By Jason Heaton
on 1.27.10

golite-travelite-wheeled-carry-on-gear-patrol

Airline travel isn’t what it used to be. As if the security hassles, bad food, and cramped seats weren’t enough, most airlines are now charging for baggage. This has made a battlefield of the overhead compartments, with vigilant gate agents eagle-eying oversized bags and intra-passenger fights for overhead space that can make a UFC cage match seem tame. For this battle, you need to choose your weapon well, and the TraveLite Wheeled Carry-on from GoLite is a masterfully-crafted samurai sword.

We’ve seen a lot of innovative luggage, but this piece checks all the boxes for what the modern traveler requires. GoLite has managed to create a 38-liter bag that conforms to just about all the international airlines’ carry-on dimension restrictions. And these are 38 very clever liters. The main compartment zips open clamshell-style and has internal divider panels for separating your work clothes from your play clothes from your dirty clothes. On the outside, two half-moon zipped pockets hold smaller items like a book, a passport, or your electronic gadgets. The bag has firm sides, so loading is easy and the bag doesn’t collapse when it’s half-full. Still, the TraveLite invites you to load it up. Because after all, it’s a GoLite, which means that, at only five pounds empty, it’s a third lighter than any other comparable carry-on bag.

travelite_frontAll that space and those organizational features are great, but what impressed me was the versatility of this bag. I got it the day before a three-week trip to Sri Lanka with an overnight layover in London along my route. It was a mix of paved and unpaved, developed and developing world, all making for the perfect torture test for a piece of luggage. The TraveLite easily held a change of clothes, an extra pair of shoes, my reading and listening materials, travel documents, and other items that I didn’t want to submit to the netherworld of checked baggage. And for side trips to a beach hut and to the tea country, it was the perfect grab and go piece for a couple days on the road.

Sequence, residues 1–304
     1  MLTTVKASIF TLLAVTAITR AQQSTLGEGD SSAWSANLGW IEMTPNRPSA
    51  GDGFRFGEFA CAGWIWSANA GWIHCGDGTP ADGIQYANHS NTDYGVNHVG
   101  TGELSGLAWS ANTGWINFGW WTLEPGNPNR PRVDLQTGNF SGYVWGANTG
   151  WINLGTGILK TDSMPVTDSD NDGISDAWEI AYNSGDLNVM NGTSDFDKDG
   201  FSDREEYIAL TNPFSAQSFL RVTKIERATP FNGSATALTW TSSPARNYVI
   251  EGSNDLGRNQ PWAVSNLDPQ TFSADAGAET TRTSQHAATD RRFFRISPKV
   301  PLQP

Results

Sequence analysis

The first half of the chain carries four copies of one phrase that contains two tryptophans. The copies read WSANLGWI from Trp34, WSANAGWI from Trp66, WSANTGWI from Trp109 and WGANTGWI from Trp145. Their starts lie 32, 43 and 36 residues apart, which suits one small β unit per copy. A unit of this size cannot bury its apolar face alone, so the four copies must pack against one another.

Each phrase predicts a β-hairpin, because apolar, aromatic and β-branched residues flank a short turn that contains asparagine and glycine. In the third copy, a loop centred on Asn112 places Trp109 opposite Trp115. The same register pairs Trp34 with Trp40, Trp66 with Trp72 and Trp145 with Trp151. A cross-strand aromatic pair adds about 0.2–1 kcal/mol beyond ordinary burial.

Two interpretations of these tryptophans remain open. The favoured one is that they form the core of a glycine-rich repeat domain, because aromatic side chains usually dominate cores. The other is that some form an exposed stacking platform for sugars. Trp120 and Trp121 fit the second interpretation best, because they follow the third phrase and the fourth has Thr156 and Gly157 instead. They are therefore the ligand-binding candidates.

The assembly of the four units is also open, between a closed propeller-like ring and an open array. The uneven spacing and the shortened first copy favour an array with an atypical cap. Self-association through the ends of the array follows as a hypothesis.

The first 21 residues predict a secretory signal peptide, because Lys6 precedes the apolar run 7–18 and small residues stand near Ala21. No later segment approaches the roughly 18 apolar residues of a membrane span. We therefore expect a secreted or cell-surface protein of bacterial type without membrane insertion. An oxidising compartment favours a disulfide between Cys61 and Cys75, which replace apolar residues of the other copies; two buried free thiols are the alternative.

With rugged, easy-rolling wheels and a long telescoping handle, the TraveLite zipped through busy airports with ease, while the quick-deploy, comfortable shoulder straps made the bag off-road ready in a snap. I’ve tried wheeled backpacks before and they usually do only one thing or the other well; most can’t roll and schlep with aplomb. This one works on wheels just as well as it does on the shoulders. The zippers are high-quality and the 210-denier double-ripstop nylon is straight off of GoLite’s backcountry packs. Oh, and it’s made from recycled material, so your carbon footprint is slightly smaller as you jet off on your next one-day business meeting.

Cost: $175

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